The stabbing of a man and threats to employees have forced the department to change its claim-filing process amid its secretary’s resignation.
San Juan — The Puerto Rico Department of Labor and Human Resources (DTRH by its Spanish initials) announced Tuesday a change of logistics in the filing of unemployment benefits after several violent events were reported, as frustration among people trying to file for unemployment benefits arises.
These incidents are the most recent setbacks faced by the agency in providing disbursements to the unemployed. The situation has escalated with the resignation of the Department of Labor Secretary Briseida Torres early Tuesday afternoon due to “personal reasons,” according to Primera Hora newspaper.
Governor Wanda Vázquez, name lawyer, Carlos Rivera Santiago, in the position, Tuesday afternoon.
On Monday, a man reportedly threatened to kill employees at the DTRH headquarters when he went to claim his unemployment money. At the Miramar facility, police tended to moments of tension during the afternoon, when people found out they would not be served after waiting long hours in line. On Friday, a father and son stabbed a man when he accidentally hit their car in the drop-in service line.
On June 1, the agency expanded its services to the Centro de Convenciones in Miramar, taking into account how its headquarters in Hato Rey could not handle the large volume of applicants. Drop-in and in-person services are available there at the expense of long lines every day.
On Tuesday, the DTRH announced a new system where people will be served by appointment in the Centro de Convenciones facility.
Torres explained Tuesday morning people who have to drop in documents can still do so, while those seeking other services must make an appointment.
“The demand for direct services is evident, and with the easing of operations at both private and government levels, it is time for our offices to begin serving the public in an orderly manner and guarantee the safety and health of visitors and employees. In order to do this, people with pending matters will be summoned initially by telephone using the date of their initial claim as the main reference, so that matters pending the longest can be resolved first,” said Torres.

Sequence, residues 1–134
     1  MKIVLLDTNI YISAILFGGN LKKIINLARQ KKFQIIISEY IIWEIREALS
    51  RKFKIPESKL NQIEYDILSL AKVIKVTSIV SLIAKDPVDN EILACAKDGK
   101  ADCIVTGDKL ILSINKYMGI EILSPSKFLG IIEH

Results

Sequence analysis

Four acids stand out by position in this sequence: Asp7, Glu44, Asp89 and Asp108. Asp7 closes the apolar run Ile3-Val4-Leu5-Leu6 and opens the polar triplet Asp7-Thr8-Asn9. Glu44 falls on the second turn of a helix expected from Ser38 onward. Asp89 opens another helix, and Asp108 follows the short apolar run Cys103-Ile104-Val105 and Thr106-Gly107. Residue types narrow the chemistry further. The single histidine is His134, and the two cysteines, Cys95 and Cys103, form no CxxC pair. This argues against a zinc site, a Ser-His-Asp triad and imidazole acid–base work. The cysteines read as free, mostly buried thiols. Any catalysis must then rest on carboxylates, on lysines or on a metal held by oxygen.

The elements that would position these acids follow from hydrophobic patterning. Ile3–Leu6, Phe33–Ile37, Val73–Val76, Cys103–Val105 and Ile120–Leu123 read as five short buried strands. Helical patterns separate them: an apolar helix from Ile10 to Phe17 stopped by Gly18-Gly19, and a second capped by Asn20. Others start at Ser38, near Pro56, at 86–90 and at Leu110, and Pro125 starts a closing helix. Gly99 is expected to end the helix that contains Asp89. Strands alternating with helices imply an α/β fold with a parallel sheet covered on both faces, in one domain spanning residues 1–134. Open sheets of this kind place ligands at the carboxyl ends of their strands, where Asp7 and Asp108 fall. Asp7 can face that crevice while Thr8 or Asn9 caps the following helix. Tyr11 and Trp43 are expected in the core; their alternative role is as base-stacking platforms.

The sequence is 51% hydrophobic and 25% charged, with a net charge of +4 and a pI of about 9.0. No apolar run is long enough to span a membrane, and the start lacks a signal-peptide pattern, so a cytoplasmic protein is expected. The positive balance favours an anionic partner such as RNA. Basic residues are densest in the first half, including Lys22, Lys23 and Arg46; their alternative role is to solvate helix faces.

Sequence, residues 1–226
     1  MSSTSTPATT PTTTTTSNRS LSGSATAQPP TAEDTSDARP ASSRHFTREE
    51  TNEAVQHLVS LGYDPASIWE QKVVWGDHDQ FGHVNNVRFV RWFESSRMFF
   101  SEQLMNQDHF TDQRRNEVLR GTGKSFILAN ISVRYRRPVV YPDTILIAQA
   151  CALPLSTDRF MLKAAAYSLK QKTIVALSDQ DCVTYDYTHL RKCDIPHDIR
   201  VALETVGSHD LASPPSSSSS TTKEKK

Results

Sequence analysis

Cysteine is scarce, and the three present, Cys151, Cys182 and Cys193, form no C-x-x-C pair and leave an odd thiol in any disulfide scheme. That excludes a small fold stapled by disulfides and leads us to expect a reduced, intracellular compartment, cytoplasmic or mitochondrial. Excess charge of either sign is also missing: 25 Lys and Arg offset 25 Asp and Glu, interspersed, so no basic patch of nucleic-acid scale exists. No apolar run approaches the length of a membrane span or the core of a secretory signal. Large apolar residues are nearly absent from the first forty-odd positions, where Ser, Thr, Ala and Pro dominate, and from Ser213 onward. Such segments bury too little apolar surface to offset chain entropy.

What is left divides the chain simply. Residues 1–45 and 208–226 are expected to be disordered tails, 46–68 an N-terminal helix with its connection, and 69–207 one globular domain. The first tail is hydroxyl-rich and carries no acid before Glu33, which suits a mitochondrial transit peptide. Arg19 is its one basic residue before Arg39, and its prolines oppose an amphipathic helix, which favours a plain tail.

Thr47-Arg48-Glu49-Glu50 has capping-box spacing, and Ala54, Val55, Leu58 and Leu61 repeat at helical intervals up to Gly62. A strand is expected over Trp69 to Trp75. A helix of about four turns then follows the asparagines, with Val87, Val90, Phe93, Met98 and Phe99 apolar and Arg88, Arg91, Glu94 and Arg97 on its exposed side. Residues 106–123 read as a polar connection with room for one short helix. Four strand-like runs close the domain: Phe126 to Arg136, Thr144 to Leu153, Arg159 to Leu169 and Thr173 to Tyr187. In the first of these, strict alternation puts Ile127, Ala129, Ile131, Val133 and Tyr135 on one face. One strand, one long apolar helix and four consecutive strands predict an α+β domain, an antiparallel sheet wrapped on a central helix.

The response to the emergency has been much criticized, as thousands of people haven’t been able to claim unemployment benefits, according to reports.
The malfunctioning of the agency’s online and telephone services has forced people to file claims in person despite social-distancing restrictions.
According to DTRH reports, 257,358 people have received regular unemployment benefits and Pandemic Emergency Unemployment Compensation (PUEC) for a total of $1,170,113,953.10. This reimbursement was made from April 1 through June 4.
The applications of thousands of people were declared ineligible to receive unemployment benefits. DTRH referred those cases to PUEC compensation. On May 12, the agency reported that 52,156 applications were ineligible.
There are several reasons for people to become ineligible. For example, according to the records of some of them, they are receiving the money of their vacation or paid time off from their previous employer.
That’s the case of Christian Carrasquillo who told El Vocero, he tried many times by phone to prove he spent all his vacation days but was not able to communicate or get a response from the DTRH.
“I told them that I have vacation hours reflected in the system – which have not yet been removed and is still in force — and now I have to simply send them the evidence of how long my vacation lasted and so they can help me,” said Carrasquillo, who hasn’t received a check since April.
On Sunday, some applicants waited overnight in violation of the curfew to get one of the 300 turns parceled out for daily service.
From Bad to Worse
According to the economic consulting firm, Inteligencia Económica, the pandemic will have an economic impact of $10,000 million in the island.
This situation will worsen the recession in which the island has been for a decade. Another exodus is expected after hurricane Maria’s cause the first in 2017 and the recent earthquakes another one in January.
Inteligencia Económica estimates 300,000 Puerto Ricans would leave the island between 2020 to 2022, in spite of the pre-coronavirus economic crisis.
The high cost of renting the Centro de Convenciones — used as the drop-in temporary headquarters for the DTRH — has generated discomfort within Puerto Rico’s citizens in light of the economic situation of the island.
According to the Metro newspaper, the DTRH pays more than $7,000 daily for the use of the facility.
The Labor Department will pay a total of $217,204.11 for the use of the Centro in June, as established in a contract.
Last Thursday, San Juan Mayor Carmen Yulín Cruz said during a press conference she offered three locations for the DTRH to use free of charge.